cover image Demon Copperhead

Demon Copperhead

Barbara Kingsolver. Harper, $29.99 (560p) ISBN 978-0-06-325192-2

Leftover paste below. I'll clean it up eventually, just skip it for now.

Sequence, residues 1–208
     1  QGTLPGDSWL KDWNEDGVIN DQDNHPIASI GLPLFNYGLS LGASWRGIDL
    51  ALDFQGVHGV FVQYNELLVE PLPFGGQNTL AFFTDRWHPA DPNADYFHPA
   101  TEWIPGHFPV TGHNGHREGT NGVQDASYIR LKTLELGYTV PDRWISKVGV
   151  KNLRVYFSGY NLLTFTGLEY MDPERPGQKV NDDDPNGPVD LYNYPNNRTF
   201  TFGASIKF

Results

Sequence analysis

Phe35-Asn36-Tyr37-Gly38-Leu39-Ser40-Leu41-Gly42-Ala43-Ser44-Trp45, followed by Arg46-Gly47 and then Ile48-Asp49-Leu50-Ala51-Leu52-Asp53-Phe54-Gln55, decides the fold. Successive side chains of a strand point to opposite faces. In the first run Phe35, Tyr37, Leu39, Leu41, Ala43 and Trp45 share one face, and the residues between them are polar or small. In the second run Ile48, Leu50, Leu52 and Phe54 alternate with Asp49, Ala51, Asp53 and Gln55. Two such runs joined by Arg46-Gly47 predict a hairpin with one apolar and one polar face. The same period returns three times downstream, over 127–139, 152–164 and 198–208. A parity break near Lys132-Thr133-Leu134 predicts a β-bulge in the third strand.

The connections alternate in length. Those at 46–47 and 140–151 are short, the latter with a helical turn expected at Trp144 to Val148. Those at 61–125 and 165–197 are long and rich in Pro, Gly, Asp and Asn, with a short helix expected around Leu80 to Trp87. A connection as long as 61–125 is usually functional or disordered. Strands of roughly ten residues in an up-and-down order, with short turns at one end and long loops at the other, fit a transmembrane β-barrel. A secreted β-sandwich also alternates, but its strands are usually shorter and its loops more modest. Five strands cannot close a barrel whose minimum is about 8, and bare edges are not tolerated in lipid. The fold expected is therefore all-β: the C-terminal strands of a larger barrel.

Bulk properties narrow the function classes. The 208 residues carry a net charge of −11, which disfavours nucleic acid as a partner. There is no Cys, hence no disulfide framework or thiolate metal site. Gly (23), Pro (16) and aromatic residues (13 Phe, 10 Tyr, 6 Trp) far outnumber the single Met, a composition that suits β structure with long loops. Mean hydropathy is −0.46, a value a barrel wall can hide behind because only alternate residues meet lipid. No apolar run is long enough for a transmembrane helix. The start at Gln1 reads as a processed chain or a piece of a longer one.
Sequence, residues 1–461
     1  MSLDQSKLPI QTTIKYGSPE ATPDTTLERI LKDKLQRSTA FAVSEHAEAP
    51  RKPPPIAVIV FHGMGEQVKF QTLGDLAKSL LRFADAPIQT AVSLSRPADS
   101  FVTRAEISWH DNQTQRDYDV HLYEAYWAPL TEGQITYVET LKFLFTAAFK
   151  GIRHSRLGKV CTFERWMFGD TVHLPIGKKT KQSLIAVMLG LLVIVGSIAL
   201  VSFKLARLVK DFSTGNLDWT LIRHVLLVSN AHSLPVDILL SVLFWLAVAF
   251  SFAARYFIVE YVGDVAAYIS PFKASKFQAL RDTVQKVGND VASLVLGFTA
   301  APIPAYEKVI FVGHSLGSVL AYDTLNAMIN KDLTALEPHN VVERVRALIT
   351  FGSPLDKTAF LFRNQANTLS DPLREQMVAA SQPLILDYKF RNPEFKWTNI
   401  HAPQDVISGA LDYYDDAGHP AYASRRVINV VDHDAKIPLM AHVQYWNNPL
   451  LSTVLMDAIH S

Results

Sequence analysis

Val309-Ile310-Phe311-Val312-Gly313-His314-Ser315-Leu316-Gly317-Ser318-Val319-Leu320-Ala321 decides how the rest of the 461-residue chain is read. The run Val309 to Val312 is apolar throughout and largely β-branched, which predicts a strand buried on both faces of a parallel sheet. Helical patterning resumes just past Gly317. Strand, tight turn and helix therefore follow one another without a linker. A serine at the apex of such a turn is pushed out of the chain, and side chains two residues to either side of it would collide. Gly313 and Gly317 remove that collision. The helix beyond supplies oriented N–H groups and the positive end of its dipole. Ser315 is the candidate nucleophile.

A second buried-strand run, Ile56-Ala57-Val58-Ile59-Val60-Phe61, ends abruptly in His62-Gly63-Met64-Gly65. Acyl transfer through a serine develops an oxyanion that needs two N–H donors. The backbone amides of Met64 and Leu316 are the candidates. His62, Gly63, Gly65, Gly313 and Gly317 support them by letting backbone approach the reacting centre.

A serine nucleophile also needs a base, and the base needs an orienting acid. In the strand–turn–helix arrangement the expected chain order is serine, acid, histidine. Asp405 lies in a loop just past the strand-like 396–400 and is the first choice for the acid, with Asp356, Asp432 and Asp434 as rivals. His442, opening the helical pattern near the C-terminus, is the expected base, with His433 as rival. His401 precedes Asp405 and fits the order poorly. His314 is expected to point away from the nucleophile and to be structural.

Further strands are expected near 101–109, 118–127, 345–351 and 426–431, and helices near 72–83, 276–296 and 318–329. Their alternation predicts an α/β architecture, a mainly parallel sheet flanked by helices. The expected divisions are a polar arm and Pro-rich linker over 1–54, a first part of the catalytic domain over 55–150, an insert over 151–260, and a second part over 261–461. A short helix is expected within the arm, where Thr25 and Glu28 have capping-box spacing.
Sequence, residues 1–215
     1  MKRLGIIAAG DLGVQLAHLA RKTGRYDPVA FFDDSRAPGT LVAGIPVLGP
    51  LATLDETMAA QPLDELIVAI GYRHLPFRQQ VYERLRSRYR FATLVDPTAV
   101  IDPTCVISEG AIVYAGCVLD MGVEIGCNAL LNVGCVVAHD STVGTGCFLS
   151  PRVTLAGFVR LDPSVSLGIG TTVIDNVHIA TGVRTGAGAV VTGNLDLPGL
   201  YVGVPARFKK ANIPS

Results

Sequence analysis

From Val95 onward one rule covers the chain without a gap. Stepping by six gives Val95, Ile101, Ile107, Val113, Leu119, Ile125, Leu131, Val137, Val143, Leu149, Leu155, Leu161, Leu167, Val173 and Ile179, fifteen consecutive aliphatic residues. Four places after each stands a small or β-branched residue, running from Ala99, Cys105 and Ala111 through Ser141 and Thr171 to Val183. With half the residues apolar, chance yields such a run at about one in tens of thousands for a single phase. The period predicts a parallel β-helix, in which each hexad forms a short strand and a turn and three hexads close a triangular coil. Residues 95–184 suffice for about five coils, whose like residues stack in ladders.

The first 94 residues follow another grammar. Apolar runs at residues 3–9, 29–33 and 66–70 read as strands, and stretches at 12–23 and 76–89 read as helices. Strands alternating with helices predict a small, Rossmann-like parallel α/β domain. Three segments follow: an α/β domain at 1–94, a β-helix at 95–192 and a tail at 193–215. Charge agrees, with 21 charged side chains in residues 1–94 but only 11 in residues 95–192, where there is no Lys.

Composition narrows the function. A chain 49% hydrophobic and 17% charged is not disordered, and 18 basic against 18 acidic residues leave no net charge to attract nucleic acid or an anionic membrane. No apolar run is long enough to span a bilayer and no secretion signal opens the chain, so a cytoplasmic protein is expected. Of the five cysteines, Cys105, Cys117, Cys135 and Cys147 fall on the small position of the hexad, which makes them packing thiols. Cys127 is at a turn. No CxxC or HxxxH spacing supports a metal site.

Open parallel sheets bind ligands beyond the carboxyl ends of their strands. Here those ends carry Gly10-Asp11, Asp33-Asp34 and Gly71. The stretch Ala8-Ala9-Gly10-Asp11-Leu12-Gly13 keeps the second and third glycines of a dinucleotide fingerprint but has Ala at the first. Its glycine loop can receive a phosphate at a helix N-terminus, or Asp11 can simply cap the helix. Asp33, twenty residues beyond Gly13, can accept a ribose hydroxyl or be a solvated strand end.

Kingsolver (Unsheltered) offers a deeply evocative story of a boy born to an impoverished single mother. In this self-styled, modern adaptation of Dickens’s David Copperfield, Demon Copperhead, 11, is the quick-witted son and budding cartoonist of a troubled young mother and a stepfather in southern Appalachia’s Lee County, Va.; eventually, his mother’s opioid addiction places Demon in various foster homes, where he is forced to earn his keep through work (even though his guardians are paid) and is always hungry from lack of food. After a guardian steals his money, Demon hitchhikes to Tennessee in search of his paternal grandmother. She is welcoming, but will not raise him, and sends him back to live with the town’s celebrated high school football coach as his new guardian, a widower who lives in a castle-like home with his boyish daughter, Angus. Demon’s teen years settle briefly with fame on the football field and a girlfriend, Dori. But stability is short-lived after a football injury and as he and Dori become addicted to opioids (“We were storybook orphans on drugs”). Kingsolver’s account of the opioid epidemic and its impact on the social fabric of Appalachia is drawn to heartbreaking effect. This is a powerful story, both brilliant in its many social messages regarding foster care, child hunger, and rural struggles, and breathless in its delivery. (Oct.)